Saturday, March 3, 2007

Author Interview With Saint Charles High School Reporter, Bree:

BREE: What is your novel about?

EI: My novel is about a young man's life becoming derailed by forces beyond his control. It begins in the fictional college town of Maizen Beach Florida in 2008. Von Muir Carmichael, my protagonist, is transported back in time to England in 1908, and accused of murder. His forced journey in the story takes him to many places and times in the past as well as the future. Actually Von is symbolic of our time in which young adults are channeled into society with high expectations only to find that despite the reassurances and positive support heaped on them since birth, their lives can still be dictated by circumstance.

BREE: What is it called?

EI: The title of my book is ‘Wireless in the Fabric of Time’.

BREE: How long did it take you to write it (or how long has it taken you?)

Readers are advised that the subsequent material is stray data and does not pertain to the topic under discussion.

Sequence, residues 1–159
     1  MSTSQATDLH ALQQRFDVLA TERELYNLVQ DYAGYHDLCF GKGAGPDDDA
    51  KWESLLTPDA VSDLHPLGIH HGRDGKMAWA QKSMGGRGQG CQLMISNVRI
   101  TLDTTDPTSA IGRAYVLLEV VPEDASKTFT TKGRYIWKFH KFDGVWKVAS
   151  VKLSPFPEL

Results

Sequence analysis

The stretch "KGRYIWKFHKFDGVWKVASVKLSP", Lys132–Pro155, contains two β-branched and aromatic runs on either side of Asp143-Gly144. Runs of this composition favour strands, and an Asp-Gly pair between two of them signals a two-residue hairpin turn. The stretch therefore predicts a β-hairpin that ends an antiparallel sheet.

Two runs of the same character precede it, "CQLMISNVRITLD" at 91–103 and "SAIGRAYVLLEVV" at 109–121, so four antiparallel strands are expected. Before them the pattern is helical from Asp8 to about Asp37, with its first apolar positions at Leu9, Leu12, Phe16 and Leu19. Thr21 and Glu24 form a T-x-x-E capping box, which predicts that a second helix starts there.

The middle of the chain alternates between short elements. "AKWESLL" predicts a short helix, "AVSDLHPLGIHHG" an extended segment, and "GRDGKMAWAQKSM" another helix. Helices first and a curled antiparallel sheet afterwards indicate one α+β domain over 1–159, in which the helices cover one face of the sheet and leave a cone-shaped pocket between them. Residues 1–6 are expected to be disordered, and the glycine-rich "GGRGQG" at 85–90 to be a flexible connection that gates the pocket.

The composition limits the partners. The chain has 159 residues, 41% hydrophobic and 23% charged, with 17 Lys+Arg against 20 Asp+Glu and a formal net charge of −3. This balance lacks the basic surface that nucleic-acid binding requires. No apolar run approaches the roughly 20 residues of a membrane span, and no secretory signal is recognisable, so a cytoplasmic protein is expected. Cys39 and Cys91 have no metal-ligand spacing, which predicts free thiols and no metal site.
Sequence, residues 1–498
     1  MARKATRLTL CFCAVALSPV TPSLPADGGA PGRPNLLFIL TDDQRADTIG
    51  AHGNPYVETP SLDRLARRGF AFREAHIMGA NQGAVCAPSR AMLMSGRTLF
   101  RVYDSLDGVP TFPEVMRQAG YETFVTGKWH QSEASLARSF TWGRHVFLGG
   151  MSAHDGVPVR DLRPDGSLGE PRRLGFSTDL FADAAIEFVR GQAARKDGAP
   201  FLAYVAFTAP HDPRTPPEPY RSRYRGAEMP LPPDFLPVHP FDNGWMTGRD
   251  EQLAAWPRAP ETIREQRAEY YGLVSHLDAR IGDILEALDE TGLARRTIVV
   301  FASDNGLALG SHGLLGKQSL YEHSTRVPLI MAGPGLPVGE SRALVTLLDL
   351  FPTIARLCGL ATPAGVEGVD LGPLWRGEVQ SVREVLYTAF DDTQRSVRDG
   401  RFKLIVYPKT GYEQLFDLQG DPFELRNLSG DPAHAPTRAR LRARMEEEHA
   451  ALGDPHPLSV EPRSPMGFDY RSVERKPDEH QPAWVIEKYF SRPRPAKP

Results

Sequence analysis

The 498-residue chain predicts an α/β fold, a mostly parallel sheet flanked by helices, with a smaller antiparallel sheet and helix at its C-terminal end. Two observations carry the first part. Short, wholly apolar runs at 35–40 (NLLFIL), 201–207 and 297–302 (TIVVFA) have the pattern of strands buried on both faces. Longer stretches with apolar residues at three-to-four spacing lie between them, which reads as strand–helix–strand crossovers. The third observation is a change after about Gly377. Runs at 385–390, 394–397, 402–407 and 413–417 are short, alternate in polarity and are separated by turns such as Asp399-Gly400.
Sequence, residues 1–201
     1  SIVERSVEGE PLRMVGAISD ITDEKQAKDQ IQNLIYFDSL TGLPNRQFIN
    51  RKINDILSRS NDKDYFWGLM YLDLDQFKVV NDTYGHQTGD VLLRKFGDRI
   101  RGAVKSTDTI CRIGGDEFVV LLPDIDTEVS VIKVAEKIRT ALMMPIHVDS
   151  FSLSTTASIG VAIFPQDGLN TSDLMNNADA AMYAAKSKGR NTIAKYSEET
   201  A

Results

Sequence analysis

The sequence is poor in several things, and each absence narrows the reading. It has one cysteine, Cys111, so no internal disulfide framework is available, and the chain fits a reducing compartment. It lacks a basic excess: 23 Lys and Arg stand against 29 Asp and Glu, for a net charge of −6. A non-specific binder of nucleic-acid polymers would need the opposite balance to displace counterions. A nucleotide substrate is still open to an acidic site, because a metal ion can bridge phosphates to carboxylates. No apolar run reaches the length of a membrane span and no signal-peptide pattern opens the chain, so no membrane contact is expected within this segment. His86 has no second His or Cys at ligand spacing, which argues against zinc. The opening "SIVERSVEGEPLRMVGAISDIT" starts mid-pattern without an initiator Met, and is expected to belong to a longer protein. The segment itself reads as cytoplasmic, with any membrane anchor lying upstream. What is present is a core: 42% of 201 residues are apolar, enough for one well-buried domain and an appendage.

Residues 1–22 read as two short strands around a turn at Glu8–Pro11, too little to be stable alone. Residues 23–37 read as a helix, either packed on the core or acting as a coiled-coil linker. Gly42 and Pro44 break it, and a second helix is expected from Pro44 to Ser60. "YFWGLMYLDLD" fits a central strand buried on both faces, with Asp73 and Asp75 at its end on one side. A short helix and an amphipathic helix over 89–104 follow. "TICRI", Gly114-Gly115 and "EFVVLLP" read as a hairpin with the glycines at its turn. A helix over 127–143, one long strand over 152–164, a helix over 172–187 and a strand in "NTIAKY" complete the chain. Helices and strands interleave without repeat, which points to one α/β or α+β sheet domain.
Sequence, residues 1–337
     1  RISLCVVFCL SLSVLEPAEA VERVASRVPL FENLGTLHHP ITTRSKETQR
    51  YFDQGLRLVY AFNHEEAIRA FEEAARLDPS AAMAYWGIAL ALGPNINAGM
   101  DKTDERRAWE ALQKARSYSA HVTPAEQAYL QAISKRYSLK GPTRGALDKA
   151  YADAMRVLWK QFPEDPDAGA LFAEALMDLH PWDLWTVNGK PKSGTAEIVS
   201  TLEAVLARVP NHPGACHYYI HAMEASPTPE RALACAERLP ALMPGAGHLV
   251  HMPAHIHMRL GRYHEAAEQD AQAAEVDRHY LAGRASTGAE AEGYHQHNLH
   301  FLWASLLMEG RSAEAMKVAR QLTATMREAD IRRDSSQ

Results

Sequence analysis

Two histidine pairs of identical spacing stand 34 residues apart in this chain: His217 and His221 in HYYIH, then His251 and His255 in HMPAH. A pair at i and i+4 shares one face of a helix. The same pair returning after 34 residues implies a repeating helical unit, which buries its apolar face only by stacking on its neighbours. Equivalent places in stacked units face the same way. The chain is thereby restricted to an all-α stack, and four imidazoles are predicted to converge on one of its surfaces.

EI: It took me four years to write the book. That includes time involved researching facts and acquiring licensing needed to publish the two copyrighted musical lyrics in the book.

BREE: What challenges did you face writing the novel?

EI: Writing at its essence is about communication. I've made the choice to reach out to a larger audience. My biggest challenge in writing this novel was to communicate with the young adult reader, as well as the tech savvy twenty-something reader. BREE: Who or what did you base the main character off of?

EI: My main character, Von Muir Carmichael is an amalgam of many young people I have met in recent years. Hopefully qualities of his character will be familiar and sympathetic to the reader.

BREE: How did you come up with this story?

EI: I want my novels to reflect the life affirming experiences people endure in life – both good and bad. The concept for ‘Wireless’ came to me in reflection just as my only son was preparing to go off to college. The scene in my son’s room, which may have spawned more than just my imagination, could best be described as 21st century teenager, comfortable mayhem. Wires, computers, games, electronic devices of all sorts littered the floor.... My son and his friends seem to embrace this functioning chaos of today’s digital lifestyle as their natural state, or ‘comfort zone.’ I loved when several of his friends would visit our house. The tell-tale sign was the intermittent beeping sounds of IM’s and text messages from cell phones in the middle of the night.